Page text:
I’m sorry- exactly what was the rational argument against universal background checks again?

    We already have background checks. If you purchase a weapon you get a background check….unless you purchase it illegally which is already illegal.

    As I mentioned above, if you had a strong mental health component in this amendment, it would have passed with overwhelming support.

    As it is written now, it’s just redundant.

  23. JKB says:

    @markm: As it is written now, it’s just redundant.

    Actually, the Manchin-Toomey amendment was so poorly written that the touted gun rights provisions could easily be used by the bureaucrats to become stringent gun control measures. That is why it had to fail. The “redundancy” was a fake to try to get it passed.

    But I think many people in the country are wary of passing the bill to find out what is in it. Obamacare was enacted that way and so far no one has found much good in in but there is a lot of bad.

  24. Jack says:

    @Stonetools:

    I really see little difference between your kind and Jason Holmes and Adam Lanza.

    And that’s the problem. You want to paint all gun owners with a broad brush. Didn’t we learn that that was wrong after too many people used that same brush against all Muslims after 9/11? My collection, or arsenal as you would likely call it, has never been used to murder anyone. I carry routinely for self defense of myself and family. Luckily I have never had to use it. But guns are like parachutes, if you need one and don’t have one, you’ll likely never need one again. Meanwhile, all the politicians and Hollywood assholes who want to rid the citizens of the right to own guns have personal security details keeping a close watch to ensure their charge doesn’t suffer harm. Does the word hypocrite come to mind?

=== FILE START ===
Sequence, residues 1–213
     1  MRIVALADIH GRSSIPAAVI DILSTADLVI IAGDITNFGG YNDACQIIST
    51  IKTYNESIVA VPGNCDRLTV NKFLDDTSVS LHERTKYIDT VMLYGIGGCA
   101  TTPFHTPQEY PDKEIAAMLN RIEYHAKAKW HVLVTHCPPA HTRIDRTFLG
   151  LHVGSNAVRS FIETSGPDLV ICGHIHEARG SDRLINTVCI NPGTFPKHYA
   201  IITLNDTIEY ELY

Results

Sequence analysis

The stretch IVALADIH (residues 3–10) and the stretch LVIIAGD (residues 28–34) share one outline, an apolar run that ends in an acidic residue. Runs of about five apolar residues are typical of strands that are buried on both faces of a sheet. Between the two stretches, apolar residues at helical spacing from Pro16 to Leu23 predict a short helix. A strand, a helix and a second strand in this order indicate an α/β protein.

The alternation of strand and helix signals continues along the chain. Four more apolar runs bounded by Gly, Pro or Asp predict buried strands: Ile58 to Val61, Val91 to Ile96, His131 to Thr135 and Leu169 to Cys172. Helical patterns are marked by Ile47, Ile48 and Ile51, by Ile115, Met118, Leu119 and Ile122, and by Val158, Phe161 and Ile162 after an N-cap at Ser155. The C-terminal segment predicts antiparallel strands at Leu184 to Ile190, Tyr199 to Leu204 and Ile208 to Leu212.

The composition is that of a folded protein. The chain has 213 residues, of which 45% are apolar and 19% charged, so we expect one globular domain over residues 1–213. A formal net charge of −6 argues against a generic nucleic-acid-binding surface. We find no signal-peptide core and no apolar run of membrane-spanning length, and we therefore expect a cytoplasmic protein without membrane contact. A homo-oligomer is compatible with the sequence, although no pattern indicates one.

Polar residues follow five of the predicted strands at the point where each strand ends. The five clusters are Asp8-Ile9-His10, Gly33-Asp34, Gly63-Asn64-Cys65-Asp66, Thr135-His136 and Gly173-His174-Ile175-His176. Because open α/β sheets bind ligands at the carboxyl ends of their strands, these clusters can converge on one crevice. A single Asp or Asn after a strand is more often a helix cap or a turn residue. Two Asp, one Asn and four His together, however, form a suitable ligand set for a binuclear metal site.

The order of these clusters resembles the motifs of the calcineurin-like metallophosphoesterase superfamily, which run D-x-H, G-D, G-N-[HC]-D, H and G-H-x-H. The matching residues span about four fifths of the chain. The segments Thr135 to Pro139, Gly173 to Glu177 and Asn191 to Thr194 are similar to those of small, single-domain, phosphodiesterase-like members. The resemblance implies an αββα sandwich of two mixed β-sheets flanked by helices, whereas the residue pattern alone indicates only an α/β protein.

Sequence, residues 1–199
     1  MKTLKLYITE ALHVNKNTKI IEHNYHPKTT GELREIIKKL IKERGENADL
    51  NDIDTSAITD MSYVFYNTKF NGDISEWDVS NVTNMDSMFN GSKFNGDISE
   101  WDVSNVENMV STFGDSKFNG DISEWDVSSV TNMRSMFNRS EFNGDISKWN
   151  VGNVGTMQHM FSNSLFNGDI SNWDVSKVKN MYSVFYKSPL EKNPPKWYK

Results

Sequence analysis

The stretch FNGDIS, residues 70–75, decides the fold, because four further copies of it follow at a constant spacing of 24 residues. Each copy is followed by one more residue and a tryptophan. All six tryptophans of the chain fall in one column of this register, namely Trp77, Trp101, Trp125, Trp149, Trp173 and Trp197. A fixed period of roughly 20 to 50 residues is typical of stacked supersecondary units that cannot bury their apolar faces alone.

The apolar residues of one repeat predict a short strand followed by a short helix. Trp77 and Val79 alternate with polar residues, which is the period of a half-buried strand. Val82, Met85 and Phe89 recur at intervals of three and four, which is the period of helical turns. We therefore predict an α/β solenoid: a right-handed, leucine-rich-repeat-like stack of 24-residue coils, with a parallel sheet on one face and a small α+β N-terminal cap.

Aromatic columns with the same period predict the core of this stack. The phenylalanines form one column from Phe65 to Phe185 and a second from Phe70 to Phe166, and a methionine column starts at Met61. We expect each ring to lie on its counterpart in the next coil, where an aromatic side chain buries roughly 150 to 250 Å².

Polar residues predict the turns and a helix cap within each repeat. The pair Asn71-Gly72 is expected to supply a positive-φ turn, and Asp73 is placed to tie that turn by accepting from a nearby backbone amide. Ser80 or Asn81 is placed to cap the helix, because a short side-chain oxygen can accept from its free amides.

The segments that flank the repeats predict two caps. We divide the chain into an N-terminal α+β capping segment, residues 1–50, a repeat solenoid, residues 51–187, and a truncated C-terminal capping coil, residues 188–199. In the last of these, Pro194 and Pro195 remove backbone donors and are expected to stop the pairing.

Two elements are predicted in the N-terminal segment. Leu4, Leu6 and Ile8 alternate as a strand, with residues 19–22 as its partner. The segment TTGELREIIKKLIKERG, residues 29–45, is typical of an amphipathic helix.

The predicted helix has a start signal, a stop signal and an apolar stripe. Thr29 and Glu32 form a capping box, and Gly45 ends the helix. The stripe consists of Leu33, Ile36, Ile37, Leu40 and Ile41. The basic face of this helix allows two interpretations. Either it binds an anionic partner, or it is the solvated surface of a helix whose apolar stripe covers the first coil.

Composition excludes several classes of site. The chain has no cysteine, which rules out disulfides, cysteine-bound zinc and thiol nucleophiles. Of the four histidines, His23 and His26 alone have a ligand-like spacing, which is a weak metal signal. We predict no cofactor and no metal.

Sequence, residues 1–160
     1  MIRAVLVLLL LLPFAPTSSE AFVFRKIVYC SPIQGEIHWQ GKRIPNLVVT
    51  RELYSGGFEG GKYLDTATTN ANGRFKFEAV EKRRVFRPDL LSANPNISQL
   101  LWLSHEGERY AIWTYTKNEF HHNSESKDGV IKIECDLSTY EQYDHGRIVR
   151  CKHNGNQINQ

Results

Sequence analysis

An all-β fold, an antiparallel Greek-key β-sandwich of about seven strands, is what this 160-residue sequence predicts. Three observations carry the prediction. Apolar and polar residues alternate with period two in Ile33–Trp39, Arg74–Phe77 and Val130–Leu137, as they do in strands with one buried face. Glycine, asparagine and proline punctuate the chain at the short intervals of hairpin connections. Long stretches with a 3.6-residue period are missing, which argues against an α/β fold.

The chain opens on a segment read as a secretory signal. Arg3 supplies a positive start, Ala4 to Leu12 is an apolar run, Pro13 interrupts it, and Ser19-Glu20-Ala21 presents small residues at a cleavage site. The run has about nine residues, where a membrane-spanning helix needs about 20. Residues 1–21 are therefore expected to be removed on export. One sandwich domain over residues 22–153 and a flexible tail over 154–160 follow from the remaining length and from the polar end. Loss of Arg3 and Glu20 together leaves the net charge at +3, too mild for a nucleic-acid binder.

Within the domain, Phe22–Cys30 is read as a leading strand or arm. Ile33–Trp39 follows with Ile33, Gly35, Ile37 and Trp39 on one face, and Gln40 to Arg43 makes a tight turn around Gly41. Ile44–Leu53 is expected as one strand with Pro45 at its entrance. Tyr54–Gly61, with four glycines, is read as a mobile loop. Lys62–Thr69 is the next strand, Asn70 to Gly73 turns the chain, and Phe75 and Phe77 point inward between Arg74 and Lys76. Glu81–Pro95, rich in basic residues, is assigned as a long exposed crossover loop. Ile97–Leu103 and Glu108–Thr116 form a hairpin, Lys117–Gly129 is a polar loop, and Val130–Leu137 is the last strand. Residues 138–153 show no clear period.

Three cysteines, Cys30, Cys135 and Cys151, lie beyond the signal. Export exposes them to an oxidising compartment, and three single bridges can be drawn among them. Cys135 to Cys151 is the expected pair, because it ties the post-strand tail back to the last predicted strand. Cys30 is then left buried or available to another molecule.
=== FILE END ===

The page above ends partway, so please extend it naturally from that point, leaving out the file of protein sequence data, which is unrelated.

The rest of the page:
25. markm says:

    Interesting:

    http://www.senate.gov/legislative/LIS/roll_call_lists/roll_call_vote_cfm.cfm?congress=113&session=1&vote=00101

    That’s the AWB ban. Dems voting no:

    Baucus
    Begich
    Bennet
    Donnelly
    Hagan
    Heinrich
    Heitkamp
    Johnson
    King
    Landrieu
    Manchin
    Pryor
    Tester
    Udall, M.
    Udall, T.
    Warner

  26. Stonetools says:

    @markm:

    We don’t have background checks for private sellers. But you knew that.
    Lies are part of your side’s toolbox, I know.

  27. markm says:

    More:

    http://www.senate.gov/legislative/LIS/roll_call_lists/roll_call_vote_cfm.cfm?congress=113&session=1&vote=00100

    Wow….that garnered more votes than the Toomey-Manchin. Had it passed, it would have been another ‘nearly’ redundant waste of parchment. I think 40ish states already share reciprocity with my state.

    These don’t:

    California, Connecticut, District of Columbia, Guam, Hawaii, Maryland, Massachusetts, New Jersey, New York, New York City, Oregon, Puerto Rico, Rhode Island, Virgin Islands, American Samoa, Illinois, N. Mariana Islands

    No biggie.

  28. markm says:

    @Stonetools:

    We don’t have background checks for private sellers. But you knew that.